The 2020 Browser Battle: Surfing With Speedby Brett Howse on September 10, 2020 8:00 AM EST
HTML 5 Compatibility
Finally, to see how many HTML 5 features are supported by each browser, each one was run against http://html5test.com/ which compiles a score out of 555, with scoring being based on how many HTML5 specifications, popular draft standards, and WebGL, and IndexedDB / Web SQL. A higher score means the browser supports more of the tests, which in theory means that the browser should be more compatible with more websites, although that is certainly not always the case.
Web Browser Battery Life
It would be hard to argue with how pervasive and important the internet is, so “browsing the web” is a critical function for laptops. Gone are the days of browsing static content on Geocities and instead the web is now the home to critical business applications, communication, and of course, entertainment. Finding a few more minutes of battery life just by using a different browser might be the difference between getting through a workday, and not.
To see how each browser performed, the Surface Laptop 3 15-inch had the brightness dialed into 200 nits, and each browser was run through our quite demanding web workload until the system turned off, and then the test was repeated to ensure there were no anomalous results. All the browsers were tested at least twice, with the exception of Internet Explorer 11, which was not tested, because you should really not be using it.
One of the biggest questions going into this was what impact Microsoft would see moving from their EdgeHTML and Chakra based browser in the classic Edge, to the Chromium version. Microsoft touted their battery life significantly when Edge was the new browser on the block, and for good reason. As you can see, classic Edge provided significantly better battery life than any other browser used. When your pool of energy is a fixed size, squeezing out extra runtime is not a trivial undertaking, and Microsoft has certainly given up some battery life to provide a more compatible browser.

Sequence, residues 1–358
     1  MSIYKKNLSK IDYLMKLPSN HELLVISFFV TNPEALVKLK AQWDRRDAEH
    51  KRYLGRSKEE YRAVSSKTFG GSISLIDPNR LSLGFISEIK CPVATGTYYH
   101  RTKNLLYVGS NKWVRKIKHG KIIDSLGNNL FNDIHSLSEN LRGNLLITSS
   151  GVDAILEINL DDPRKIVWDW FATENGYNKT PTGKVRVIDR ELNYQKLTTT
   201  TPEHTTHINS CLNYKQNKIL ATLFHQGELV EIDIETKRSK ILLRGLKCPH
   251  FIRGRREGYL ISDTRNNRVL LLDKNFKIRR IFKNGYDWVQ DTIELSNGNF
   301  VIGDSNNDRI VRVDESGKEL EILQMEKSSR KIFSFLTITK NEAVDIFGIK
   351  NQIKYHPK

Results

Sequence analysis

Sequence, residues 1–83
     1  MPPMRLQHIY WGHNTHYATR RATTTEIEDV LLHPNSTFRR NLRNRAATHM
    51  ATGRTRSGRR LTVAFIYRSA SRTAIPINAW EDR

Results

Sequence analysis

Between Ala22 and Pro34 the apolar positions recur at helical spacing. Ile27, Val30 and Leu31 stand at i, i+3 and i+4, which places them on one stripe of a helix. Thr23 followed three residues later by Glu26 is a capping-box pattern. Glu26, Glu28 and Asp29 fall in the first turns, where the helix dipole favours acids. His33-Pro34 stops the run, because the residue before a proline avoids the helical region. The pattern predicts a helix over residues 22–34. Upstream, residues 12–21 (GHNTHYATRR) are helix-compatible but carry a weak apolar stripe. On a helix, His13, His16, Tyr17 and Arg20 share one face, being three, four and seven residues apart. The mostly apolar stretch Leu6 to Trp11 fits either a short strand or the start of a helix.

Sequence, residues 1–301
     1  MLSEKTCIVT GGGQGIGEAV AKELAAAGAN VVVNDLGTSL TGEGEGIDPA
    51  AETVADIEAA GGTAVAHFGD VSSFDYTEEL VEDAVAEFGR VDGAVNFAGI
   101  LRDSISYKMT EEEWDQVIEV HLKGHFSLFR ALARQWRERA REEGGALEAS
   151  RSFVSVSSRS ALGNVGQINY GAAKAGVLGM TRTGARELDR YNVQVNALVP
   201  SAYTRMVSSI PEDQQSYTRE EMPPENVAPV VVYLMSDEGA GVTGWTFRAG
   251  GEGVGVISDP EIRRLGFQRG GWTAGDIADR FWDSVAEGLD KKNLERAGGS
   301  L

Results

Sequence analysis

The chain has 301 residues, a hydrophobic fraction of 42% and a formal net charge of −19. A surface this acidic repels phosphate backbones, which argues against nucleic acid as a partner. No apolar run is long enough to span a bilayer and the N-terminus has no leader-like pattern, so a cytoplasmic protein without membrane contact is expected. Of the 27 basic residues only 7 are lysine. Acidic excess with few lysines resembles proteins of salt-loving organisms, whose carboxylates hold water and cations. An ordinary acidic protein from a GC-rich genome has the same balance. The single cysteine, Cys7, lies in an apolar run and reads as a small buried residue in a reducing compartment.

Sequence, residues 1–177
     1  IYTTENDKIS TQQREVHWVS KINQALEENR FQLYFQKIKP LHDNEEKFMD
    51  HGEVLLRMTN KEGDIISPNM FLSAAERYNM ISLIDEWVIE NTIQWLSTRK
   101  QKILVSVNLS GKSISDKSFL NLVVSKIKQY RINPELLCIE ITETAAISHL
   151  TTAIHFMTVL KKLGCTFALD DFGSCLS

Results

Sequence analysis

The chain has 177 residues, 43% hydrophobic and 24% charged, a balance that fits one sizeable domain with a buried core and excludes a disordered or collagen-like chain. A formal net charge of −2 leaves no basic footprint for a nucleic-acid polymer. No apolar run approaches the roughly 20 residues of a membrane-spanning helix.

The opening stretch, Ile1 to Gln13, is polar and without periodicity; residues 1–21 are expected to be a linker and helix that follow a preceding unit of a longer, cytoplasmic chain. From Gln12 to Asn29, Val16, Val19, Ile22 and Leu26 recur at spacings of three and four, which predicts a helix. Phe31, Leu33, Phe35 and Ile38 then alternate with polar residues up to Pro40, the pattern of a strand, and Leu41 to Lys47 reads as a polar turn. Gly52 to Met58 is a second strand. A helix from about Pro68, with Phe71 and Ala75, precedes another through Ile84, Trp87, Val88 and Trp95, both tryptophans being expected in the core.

Looking at the Chromium based browsers, which are the new Edge, Chrome, and Opera, and they all more or less fall in the same range, with only twenty minutes of runtime between the three, but as we saw with the scripting tests, Edge was able to provide just a bit more battery life than the others.
Firefox, while competitive, is over thirty minutes behind its closest competitor. It is likely not enough of a difference to spur anyone from moving away from Firefox if they are happy with its other features, but the Mozilla team is not quite up to par in terms of energy use.